School Choice Weekly #110
The Atlantic has an information-packed article this week detailing how and why high-powered vocational schools and military academies are resurrecting the liberal arts. Selected quotes:
‘People without a liberal-arts background really have no place to go with their skill sets,’ said Frank Guido, a Culinary Institute student from Rochester, New York, sitting in the campus café and studying the Mayan Indians for a course he’s taking in history and culture. ‘They lack an overall knowledge, and an ability to relate to people and make educated decisions, and not jump to conclusions.’ …
‘It’s important to develop in young people the ability to think broadly, to operate in the context of other societies and become agile and adaptive thinkers,’ [said Brigadier General Timothy Trainor, West Point’s academic dean]. ‘What you’re trying to do is teach them to deal with complexity, diversity, and change. They’re having to deal with people from other cultures. They have to think very intuitively to solve problems on the ground.’
That’s what employers say they need in their new hires, too. Three-quarters want more emphasis on critical thinking, problem-solving, written and oral communication, and applied knowledge, according to a survey of 318 corporate leaders by the Association of American Colleges and Universities …
‘There’s a certain level of anti-intellectualism in the popular culture that inappropriately sees the pursuit of core disciplines as frivolous. And that’s unfortunate, because the kind of things you learn in philosophy courses and history courses deepens your ability to act in the world,’ [said Michael Sperling, vice president for academic affairs at the private, nonprofit Culinary Institute.]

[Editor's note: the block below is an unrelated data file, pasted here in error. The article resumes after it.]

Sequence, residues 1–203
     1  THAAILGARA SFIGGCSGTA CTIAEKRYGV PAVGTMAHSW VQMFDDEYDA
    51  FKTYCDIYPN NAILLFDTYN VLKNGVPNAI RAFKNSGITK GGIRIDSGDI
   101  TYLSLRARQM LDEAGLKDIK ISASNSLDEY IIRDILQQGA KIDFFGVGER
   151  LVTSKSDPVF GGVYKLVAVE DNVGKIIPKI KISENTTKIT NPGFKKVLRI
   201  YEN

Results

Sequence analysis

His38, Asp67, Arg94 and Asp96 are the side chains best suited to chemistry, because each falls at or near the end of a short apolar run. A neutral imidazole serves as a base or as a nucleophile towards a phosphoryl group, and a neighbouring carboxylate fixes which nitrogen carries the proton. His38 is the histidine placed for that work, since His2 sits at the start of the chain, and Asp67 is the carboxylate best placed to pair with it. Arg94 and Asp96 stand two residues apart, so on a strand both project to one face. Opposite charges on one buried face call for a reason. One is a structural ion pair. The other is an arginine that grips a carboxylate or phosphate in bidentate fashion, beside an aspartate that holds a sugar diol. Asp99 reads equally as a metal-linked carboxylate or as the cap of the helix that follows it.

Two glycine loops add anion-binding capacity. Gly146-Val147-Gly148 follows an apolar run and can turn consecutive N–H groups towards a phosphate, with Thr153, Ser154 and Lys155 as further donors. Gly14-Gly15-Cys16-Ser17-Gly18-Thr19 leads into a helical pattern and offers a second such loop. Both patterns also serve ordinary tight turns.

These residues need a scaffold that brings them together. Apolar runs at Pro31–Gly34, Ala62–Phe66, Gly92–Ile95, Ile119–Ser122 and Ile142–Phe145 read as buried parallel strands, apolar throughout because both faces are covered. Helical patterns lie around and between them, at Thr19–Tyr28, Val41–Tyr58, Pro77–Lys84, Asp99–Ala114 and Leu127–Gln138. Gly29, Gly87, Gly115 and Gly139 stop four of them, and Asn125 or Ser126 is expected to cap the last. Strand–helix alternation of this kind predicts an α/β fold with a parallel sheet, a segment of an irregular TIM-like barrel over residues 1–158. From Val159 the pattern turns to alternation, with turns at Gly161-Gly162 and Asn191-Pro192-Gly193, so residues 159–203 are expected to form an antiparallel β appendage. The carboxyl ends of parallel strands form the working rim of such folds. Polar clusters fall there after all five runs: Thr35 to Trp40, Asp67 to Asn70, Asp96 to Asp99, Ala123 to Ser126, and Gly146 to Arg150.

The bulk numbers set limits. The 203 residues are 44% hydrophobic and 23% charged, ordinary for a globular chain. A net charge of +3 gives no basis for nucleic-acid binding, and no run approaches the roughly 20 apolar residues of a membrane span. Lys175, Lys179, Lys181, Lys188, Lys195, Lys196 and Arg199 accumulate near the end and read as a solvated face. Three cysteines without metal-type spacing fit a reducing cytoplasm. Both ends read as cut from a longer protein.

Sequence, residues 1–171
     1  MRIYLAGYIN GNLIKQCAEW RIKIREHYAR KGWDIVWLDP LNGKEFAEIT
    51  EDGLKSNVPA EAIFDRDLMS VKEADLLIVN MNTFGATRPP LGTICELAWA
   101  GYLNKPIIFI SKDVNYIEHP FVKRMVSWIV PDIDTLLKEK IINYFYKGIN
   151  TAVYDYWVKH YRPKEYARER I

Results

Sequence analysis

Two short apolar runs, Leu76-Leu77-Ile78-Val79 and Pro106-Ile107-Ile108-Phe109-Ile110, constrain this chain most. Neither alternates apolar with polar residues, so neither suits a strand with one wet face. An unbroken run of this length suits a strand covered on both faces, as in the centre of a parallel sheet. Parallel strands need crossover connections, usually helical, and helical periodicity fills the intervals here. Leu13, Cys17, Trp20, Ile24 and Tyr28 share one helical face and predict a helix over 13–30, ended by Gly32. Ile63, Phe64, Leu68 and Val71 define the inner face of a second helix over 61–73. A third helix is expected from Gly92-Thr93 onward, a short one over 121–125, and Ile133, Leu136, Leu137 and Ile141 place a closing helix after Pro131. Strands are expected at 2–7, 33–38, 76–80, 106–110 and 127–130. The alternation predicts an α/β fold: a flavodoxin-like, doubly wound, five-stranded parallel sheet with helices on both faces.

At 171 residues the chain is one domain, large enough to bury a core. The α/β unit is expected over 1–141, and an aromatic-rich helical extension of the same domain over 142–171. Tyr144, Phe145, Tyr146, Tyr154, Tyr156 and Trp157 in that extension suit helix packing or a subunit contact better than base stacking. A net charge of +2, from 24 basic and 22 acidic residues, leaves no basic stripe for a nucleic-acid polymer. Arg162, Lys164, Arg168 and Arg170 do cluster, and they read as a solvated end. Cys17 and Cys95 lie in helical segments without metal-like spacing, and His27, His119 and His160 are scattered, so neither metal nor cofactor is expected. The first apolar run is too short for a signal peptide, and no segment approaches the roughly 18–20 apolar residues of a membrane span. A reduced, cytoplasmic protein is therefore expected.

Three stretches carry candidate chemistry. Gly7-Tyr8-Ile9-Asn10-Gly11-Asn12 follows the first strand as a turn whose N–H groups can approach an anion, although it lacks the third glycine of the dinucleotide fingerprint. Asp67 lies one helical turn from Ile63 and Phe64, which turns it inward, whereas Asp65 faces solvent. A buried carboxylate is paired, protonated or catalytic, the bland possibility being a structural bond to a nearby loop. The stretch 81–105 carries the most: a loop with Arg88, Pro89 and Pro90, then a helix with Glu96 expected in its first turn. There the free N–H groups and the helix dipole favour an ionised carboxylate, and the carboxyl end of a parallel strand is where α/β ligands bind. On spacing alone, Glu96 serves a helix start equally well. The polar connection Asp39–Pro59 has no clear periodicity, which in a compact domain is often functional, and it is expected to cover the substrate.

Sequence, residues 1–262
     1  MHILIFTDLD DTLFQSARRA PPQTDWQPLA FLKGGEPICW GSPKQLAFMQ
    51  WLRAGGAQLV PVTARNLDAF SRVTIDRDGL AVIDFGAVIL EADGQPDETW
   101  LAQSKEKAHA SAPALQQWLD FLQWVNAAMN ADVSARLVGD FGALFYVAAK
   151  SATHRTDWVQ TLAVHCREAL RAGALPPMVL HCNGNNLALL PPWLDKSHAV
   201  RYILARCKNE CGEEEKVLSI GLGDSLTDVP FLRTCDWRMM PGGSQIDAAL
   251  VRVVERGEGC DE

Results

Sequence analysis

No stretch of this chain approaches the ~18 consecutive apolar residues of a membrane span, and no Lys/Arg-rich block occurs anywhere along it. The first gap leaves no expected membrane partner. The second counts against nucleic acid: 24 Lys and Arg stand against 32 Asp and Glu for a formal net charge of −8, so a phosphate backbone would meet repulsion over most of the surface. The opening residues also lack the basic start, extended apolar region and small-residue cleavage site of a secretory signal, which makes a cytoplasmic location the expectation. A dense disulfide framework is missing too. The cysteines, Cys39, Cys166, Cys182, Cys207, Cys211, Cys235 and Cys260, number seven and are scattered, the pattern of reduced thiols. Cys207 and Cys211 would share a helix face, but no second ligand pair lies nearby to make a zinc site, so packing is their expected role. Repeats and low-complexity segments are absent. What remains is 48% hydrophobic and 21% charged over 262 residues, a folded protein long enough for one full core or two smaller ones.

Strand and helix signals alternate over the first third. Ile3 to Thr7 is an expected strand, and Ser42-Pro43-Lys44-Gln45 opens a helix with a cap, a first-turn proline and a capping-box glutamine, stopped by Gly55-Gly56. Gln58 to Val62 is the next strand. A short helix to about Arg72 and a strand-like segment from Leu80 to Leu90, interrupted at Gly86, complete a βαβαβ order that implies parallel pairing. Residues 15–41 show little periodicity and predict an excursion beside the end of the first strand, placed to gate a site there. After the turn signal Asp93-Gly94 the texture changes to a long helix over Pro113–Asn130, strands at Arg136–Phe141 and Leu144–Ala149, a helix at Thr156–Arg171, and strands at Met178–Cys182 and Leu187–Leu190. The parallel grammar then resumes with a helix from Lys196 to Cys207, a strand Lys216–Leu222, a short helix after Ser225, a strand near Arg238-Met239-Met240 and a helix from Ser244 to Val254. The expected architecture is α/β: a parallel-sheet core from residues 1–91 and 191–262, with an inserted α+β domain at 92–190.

The Pioneer Institute has a new paper discussing how to promote vocational education without sacrificing the liberal arts. Republican leaders, including Sen. Marco Rubio and Gov. Scott Walker, have scoffed at the idea that the liberal arts are anything but wasteful at best and leftist political indoctrination at worst, as the article mentions. And it’s true that a lot of time-wasting happens under the guise of social studies.
But this is a counterfeit of the liberal arts, which, as people The Atlantic interviewed noted, in their proper form expose people to a variety of opposing viewpoints in order to cultivate their good judgment. This is why America’s founders celebrated a liberal education as integral to a self-governing society. You can’t govern yourself without good judgment. And perhaps nothing is better than history, science, language, and mathematics to cultivate such habits of mind.
While leading Democrats nowadays seem more concerned about getting people into higher education than assessing whether it’s actually higher, leading Republicans need also to remember that often the most effective way to achieve a complex goal is not to aim directly at it. In other words, we often don’t become happy by trying to make ourselves happy, but by trying to serve others. We often find love when we’re not obsessing over it.
In the same way, if we merely aim education at career training, instead of higher, children often will get neither useful career training nor the education benefits that transcend a career–such as leadership ability, good judgment, communication skills, and character.